[root@mattcom1 ~]# mysqladmin -u root password mynewpassword
[root@mattcom1 ~]# mysql -u root -p
Enter password:
[root@mattcom1 ~]#

Create a blank database on the machine we will repopulating.

Welcome to the MySQL monitor. Commands end with ; or \g
Your MySQL connection id is 10
Server version: 5.0.77 Source distribution

Type ‘help;’ or ‘\h’ for help. Type ‘\c’ to clear the buffer.

mysql> create database savelono;

Use mysqldump command to back up the database on the original server. The database can be named anything, I usually back up to savelono.com with a ‘DATE-NAME.sql’ convention.

[root@savelono ~]# mysqldump -u root savelono > savelono-04-24-09.sql

Now copy your sql database to the new server and import it.

[root@mattcom1 ~]# mysql -u root -p -D savelono < savelono-04-24-09.sql

That’s it!  Piece of cake.


Asterisk: Creating an Extension to Logout Agents from CallerID

I told a customer for the company I for that I would figure out how to logout agents by CID(Caller ID). So I figured, why not kill two birds with one stone. Today we will create a single Queue, Agent, and dial plan to accomplish this goal. I’m using Asterisk 1.4, Fedora 10 and a Polycom IP SIP phone for my demonstration purposes.

When I started this project four hours ago, I thought I would google my way to another successful blog post(and happy customer), but no…  logging out agents in Asterisk is very unintuitive.  The agentcallbacklogin utility has the exact same prompts for logging in as out.  AgentCallbackLogin (when initiated, from the dial plan)  asks for three things, agent, agent password, and call back number.  To eliminate all these prompts I’m using the ‘$CallerID(num)’ variable to automatically answer the agent and call back number.  So the user 8888 dials ‘1000’ and and AgentCallbackLogin assumes he is AGENT/8888 with a password of ‘8888’.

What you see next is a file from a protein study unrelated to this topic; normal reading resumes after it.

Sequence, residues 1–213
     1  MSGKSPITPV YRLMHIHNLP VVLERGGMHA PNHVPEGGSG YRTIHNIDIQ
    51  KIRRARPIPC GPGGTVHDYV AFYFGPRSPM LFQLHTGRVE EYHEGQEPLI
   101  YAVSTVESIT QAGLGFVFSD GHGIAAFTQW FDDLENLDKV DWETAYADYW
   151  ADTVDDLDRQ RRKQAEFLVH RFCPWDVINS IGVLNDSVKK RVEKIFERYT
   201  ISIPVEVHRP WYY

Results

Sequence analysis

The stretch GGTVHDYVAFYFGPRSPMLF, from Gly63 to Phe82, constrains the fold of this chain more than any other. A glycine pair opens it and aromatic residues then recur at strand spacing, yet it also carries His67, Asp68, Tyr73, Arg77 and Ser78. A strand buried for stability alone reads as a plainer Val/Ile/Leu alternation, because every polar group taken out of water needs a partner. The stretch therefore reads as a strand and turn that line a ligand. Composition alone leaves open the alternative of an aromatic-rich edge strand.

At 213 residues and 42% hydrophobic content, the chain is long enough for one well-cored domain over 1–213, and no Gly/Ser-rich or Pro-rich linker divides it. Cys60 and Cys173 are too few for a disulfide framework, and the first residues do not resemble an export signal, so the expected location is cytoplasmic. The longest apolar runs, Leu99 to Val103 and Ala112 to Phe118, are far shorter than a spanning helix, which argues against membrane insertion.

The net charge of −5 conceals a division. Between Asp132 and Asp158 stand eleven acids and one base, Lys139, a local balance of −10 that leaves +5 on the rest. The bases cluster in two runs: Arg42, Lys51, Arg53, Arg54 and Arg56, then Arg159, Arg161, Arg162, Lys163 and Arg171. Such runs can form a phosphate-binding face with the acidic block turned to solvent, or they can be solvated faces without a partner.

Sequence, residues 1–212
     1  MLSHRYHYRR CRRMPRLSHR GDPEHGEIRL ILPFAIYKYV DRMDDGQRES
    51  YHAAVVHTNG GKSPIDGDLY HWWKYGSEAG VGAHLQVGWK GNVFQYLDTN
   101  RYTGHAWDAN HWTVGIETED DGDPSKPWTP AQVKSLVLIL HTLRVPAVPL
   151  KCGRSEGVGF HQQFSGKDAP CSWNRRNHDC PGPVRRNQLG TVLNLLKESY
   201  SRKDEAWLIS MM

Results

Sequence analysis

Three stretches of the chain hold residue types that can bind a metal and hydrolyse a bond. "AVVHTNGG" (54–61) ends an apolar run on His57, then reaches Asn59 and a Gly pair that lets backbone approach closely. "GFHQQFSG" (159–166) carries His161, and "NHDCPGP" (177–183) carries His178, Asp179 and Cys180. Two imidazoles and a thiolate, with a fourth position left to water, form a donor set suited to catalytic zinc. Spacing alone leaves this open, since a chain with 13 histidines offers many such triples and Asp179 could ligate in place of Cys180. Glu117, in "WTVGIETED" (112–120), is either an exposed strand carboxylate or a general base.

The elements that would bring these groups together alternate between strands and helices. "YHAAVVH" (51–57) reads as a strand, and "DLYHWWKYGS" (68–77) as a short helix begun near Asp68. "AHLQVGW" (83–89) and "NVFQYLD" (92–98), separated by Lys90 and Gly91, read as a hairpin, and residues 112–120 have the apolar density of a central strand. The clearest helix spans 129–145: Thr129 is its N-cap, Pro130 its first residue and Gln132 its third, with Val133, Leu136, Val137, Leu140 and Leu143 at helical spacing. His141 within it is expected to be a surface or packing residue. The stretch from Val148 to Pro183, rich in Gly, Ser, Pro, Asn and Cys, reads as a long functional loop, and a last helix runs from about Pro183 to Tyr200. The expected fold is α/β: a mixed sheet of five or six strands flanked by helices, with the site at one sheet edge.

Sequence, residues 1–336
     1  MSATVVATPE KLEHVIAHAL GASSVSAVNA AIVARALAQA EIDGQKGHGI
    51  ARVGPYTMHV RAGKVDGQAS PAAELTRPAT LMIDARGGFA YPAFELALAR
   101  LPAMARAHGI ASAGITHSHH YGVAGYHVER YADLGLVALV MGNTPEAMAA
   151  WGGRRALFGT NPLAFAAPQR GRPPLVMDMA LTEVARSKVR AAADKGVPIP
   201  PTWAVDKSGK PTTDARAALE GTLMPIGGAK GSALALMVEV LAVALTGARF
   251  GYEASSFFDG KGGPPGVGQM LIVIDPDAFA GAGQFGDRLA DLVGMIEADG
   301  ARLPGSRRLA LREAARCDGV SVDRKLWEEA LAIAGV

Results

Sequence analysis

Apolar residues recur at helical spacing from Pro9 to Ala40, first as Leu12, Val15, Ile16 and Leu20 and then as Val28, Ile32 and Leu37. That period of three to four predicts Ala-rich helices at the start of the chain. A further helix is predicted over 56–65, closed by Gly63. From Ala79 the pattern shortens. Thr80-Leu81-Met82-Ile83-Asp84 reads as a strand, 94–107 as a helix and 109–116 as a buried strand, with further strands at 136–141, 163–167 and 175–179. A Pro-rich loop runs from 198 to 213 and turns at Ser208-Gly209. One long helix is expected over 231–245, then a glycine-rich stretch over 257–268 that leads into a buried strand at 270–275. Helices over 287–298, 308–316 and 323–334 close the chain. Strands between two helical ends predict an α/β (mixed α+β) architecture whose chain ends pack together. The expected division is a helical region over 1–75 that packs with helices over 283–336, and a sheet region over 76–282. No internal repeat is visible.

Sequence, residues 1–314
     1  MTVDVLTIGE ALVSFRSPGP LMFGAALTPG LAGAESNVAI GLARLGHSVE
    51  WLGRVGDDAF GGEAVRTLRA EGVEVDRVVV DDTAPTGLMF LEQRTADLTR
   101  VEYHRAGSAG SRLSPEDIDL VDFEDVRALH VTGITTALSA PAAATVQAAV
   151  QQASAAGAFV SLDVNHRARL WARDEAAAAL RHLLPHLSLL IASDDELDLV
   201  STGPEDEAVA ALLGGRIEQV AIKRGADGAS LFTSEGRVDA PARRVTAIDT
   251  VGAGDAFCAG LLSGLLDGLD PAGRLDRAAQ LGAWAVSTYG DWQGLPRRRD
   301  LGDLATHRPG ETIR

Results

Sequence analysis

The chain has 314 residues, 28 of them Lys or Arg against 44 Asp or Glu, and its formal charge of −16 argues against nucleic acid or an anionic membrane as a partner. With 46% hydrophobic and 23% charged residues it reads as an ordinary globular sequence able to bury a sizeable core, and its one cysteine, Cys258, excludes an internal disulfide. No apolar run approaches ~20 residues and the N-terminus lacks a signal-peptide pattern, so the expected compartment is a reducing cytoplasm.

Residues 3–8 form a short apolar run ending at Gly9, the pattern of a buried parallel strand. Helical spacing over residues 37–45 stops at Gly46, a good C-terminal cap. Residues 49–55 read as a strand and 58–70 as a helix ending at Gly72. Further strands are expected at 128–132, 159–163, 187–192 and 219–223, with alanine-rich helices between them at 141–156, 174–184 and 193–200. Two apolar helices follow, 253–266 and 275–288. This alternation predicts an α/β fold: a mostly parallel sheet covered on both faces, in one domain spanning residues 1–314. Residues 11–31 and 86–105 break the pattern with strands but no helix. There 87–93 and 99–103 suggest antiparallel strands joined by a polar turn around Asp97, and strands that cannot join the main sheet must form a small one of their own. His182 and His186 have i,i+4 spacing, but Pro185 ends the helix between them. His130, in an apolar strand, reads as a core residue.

from /etc/asterisk/extensions.conf

exten => 1000,1,AgentcallbackLogin(${CALLERID(num)}||${CALLERID(num)}@savelono-queue-out)
exten => 1000,n,hangup



Install Queuemetrics Call Center software for Asterisk on Fedora 10

What makes Asterisk so great is the growing ecosystem of 3rd party software.  For call centers based on Asterisk PBX, the best on the market is Queuemetrics.  This solution allows for over 150 different statistics to be collected.  Here is just a few:

Number of calls
Total call length
Average call length
Average call waiting
Number of unanswered calls
Average time before disconnection
Area code
Number of calls
Total calling time
Average time per call (for taken calls)
Average wait per call
Average position at disconnection (for lost calls)
Number of available agents
Total agent time
Average agent time
Minimum/ maximum agent session duration
Agent availability

If by now you are not convinced take a look at the complete list; you can check out Loway’s site and Queuemetrics here.  I have personally helped setup several commercial call centers(while working for VoiceIP Solutions) with this software and I am impressed at the value and support for our customers purchase.  So today we are going to set up a basic Queuemetrics installation; we will not be covering the Asterisk portion.  Nothing fancy here, but I can get you started.

The goal of this post:

– install Queuemetrics



Lono – Cutest Cat in the World Discovered!

my cat

my cat

*study may in fact not be a real study